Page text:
From two competing oscillators to one coupled-clock pacemaker cell system

Yael Yaniv, Edward G. Lakatta, Victor A. Maltsev

Research output: Contribution to journalShort surveypeer-review


At the beginning of this century, debates regarding "what are the main control mechanisms that ignite the action potential (AP) in heart pacemaker cells" dominated the electrophysiology field. The original theory which prevailed for over 50 years had advocated that the ensemble of surface membrane ion channels (i.e., "M-clock") is sufficient to ignite rhythmic APs. However, more recent experimental evidence in a variety of mammals has shown that the sarcoplasmic reticulum (SR) acts as a "Ca2+-clock" rhythmically discharges diastolic local Ca2+ releases (LCRs) beneath the cell surface membrane. LCRs activate an inward current (likely that of the Na2+/Ca2+ exchanger) that prompts the surface membrane "M-clock" to ignite an AP. Theoretical and experimental evidence has mounted to indicate that this clock "crosstalk" operates on a beat-to-beat basis and determines both the AP firing rate and rhythm. Our review is focused on the evolution of experimental definition and numerical modeling of the coupled-clock concept, on how mechanisms intrinsic to pacemaker cell determine both the heart rate and rhythm, and on future directions to develop further the coupled-clock pacemaker cell concept.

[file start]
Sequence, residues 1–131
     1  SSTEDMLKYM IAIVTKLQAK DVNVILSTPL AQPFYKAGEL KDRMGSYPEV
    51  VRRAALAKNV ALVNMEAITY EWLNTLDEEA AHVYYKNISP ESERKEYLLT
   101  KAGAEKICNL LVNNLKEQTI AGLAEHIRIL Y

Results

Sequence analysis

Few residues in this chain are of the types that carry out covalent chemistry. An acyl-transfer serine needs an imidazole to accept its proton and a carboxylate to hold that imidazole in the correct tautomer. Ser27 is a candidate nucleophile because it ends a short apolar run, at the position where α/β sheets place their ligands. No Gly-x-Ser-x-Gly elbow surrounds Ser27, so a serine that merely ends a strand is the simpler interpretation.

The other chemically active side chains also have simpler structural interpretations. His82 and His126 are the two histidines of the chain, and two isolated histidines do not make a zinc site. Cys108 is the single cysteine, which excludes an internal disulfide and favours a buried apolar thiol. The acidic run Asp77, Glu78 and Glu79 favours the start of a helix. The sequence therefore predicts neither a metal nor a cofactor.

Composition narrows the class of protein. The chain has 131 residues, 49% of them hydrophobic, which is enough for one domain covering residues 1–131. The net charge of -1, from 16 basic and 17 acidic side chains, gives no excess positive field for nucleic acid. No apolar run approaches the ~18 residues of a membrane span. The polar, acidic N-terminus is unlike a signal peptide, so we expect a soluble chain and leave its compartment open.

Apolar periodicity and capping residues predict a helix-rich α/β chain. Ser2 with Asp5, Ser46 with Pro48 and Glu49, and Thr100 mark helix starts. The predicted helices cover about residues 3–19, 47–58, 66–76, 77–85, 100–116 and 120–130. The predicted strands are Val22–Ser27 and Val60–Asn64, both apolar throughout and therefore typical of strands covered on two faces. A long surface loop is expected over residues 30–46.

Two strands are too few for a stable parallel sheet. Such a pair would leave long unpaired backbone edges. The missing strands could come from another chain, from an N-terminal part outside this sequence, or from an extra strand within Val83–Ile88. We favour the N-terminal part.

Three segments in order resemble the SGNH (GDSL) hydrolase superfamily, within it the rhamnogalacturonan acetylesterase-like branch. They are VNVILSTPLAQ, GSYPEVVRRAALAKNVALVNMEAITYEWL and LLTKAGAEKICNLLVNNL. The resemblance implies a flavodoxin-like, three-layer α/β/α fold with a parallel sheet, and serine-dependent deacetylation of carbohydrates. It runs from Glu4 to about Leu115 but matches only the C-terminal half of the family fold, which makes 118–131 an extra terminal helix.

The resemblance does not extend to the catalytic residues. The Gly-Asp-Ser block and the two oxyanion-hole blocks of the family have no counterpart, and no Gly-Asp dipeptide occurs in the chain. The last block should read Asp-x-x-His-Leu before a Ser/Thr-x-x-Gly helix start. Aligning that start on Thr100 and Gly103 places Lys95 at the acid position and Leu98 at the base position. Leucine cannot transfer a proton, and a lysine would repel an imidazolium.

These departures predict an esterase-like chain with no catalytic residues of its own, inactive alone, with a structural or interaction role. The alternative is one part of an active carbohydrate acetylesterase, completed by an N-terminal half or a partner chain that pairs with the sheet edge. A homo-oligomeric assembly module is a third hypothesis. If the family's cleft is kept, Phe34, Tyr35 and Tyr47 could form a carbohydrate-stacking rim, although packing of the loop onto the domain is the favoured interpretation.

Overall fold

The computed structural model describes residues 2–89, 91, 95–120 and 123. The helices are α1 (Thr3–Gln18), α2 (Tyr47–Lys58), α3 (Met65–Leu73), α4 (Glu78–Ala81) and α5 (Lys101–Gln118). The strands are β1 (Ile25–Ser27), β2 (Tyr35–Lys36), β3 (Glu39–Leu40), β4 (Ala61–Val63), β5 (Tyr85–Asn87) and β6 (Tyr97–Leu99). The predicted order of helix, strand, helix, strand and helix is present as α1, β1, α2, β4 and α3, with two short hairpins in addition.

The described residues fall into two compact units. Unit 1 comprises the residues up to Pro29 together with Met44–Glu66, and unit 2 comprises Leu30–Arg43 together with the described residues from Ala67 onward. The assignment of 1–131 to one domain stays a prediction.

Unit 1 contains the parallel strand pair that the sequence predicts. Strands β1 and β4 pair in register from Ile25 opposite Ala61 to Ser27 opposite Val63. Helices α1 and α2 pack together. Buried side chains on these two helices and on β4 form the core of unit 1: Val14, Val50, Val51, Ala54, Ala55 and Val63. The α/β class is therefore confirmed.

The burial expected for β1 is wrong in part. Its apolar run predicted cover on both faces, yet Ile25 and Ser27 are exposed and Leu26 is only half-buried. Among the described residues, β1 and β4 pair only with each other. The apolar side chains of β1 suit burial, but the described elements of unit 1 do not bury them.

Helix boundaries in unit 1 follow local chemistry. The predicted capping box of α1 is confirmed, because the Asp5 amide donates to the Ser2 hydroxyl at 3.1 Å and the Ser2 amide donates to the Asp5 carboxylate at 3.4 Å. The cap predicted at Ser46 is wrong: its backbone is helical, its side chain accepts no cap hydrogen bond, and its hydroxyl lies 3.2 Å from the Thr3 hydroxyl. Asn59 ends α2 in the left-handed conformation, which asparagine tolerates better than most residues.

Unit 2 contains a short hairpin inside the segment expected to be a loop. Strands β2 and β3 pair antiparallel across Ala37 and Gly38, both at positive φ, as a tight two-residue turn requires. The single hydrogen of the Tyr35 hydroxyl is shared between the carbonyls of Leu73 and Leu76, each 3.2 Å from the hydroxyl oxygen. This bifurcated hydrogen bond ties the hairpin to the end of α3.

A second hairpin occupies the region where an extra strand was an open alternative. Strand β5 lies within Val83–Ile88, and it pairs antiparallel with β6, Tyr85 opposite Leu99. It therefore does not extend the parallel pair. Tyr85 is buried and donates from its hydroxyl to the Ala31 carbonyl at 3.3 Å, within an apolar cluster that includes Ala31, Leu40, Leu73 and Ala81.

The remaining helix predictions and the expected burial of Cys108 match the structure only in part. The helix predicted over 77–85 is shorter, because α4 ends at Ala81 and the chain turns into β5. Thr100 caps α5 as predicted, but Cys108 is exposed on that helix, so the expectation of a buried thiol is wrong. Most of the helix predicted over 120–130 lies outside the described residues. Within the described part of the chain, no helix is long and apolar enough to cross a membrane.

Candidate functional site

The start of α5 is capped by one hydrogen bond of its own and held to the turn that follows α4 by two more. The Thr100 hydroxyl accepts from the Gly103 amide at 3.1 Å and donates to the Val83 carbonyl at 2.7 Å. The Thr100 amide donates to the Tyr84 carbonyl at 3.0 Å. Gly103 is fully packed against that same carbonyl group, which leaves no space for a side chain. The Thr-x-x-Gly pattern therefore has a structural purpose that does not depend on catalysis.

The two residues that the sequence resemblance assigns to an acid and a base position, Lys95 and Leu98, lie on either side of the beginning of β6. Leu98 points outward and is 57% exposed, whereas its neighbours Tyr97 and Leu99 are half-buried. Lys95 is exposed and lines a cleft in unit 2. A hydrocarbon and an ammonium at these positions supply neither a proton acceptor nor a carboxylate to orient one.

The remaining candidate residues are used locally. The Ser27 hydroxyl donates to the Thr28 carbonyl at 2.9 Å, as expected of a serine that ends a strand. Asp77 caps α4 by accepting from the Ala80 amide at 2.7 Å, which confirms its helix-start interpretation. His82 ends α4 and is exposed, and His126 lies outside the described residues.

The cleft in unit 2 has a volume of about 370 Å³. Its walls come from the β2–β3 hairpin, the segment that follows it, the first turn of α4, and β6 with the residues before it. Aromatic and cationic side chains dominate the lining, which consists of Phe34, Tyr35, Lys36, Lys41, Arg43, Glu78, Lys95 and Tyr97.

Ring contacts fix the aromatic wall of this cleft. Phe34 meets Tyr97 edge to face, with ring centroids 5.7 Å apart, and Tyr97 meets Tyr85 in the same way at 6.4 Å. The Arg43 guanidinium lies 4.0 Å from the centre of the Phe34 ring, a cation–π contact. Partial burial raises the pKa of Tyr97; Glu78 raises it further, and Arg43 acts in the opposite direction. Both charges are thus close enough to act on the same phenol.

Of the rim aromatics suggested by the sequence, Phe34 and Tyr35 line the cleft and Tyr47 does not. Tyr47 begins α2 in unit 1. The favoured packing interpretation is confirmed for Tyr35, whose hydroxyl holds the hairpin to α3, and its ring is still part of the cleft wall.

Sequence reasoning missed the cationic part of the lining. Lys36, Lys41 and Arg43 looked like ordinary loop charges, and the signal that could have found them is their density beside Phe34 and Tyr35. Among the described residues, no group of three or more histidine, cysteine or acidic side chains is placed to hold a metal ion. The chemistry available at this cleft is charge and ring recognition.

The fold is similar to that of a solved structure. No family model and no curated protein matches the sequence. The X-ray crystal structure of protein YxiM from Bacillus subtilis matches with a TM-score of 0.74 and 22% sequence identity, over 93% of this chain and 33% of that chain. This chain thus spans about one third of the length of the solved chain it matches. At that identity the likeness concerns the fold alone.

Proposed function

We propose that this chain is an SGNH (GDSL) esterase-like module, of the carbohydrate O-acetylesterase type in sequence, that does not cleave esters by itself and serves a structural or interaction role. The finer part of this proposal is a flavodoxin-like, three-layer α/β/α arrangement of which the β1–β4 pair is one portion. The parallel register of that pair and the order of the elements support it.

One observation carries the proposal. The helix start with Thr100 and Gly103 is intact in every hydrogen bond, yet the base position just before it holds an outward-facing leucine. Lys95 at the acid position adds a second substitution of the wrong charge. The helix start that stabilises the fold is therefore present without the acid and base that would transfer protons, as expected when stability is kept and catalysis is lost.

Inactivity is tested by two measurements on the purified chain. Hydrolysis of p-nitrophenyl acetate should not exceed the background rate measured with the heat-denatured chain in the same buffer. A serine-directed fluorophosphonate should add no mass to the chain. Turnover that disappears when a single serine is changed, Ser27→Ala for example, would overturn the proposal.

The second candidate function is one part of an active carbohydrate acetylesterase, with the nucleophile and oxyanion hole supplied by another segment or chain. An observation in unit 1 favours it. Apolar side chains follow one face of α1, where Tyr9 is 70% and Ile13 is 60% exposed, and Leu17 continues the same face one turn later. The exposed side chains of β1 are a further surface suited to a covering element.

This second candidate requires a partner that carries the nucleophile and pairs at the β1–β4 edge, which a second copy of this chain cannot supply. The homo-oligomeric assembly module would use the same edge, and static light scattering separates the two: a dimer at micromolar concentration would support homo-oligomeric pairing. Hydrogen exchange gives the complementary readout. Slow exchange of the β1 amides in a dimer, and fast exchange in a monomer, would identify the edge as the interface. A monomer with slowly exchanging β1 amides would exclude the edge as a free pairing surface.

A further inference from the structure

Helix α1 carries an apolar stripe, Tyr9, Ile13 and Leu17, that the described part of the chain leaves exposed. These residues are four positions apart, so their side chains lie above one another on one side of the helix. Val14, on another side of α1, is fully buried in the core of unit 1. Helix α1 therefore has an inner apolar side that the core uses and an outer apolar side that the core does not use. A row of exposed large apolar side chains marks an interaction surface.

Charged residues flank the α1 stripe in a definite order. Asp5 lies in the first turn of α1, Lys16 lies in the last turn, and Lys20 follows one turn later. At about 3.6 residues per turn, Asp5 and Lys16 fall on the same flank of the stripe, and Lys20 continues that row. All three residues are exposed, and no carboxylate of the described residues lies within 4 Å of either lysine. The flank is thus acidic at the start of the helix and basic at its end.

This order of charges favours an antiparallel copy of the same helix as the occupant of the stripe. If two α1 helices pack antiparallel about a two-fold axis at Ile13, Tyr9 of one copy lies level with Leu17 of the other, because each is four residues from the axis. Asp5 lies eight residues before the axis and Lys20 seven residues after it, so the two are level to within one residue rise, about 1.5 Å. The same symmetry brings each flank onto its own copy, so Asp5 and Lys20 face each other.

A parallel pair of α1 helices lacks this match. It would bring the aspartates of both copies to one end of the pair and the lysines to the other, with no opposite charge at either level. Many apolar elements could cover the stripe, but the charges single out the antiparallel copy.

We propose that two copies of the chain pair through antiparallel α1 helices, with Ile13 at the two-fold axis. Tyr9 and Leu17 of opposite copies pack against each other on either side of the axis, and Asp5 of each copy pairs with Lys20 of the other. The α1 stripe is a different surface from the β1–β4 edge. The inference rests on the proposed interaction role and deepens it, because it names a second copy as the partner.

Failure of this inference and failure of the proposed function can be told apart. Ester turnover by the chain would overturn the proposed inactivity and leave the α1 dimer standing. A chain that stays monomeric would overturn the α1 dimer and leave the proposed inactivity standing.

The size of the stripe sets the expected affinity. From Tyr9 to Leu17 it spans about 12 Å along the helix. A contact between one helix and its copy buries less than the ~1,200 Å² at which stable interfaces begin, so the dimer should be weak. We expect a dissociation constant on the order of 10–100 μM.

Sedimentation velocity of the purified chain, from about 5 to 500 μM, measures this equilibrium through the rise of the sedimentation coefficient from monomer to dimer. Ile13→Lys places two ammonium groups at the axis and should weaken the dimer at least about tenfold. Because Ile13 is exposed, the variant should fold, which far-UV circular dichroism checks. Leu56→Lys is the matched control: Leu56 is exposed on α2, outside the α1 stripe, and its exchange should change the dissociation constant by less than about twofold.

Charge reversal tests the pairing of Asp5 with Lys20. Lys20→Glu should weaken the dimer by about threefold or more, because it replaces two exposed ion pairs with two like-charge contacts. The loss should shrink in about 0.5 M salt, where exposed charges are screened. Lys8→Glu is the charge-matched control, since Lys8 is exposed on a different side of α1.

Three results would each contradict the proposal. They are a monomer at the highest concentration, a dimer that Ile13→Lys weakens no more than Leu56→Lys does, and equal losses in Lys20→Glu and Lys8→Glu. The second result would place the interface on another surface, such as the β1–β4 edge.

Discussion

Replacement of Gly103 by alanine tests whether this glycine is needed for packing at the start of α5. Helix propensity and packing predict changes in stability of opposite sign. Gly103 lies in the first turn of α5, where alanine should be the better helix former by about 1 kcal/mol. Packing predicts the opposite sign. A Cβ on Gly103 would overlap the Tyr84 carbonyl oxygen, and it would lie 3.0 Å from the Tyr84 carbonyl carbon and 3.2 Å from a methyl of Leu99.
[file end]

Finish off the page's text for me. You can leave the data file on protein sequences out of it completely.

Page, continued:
Original languageEnglish
Article number28
JournalFrontiers in Physiology
Issue numberFEB
StatePublished - 2015


  • Arrhythmias
  • Coupled-clock pacemaker system
  • Heart rate variability
  • Mathematical modeling
  • Sinoatrial node

ASJC Scopus subject areas

  • Physiology
  • Physiology (medical)


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